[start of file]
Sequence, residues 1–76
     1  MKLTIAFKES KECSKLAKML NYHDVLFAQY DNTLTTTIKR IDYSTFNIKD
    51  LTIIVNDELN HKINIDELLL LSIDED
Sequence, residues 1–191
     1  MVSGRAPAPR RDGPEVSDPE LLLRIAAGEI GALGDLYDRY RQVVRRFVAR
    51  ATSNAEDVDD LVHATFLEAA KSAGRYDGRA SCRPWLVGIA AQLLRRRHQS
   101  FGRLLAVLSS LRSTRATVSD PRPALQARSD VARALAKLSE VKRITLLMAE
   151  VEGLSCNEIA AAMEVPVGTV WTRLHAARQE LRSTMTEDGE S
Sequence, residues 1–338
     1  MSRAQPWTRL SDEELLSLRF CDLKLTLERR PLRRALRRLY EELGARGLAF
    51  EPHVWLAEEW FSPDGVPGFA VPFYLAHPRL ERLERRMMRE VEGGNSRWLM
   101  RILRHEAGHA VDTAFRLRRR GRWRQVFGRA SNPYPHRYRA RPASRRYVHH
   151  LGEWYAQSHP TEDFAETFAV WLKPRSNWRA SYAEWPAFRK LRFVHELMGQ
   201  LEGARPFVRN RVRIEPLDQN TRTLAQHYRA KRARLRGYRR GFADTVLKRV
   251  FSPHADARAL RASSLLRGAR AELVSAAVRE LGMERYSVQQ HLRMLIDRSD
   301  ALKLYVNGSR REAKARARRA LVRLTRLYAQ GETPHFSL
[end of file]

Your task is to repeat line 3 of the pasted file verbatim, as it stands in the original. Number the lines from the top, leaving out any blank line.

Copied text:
    51  LTIIVNDELN HKINIDELLL LSIDED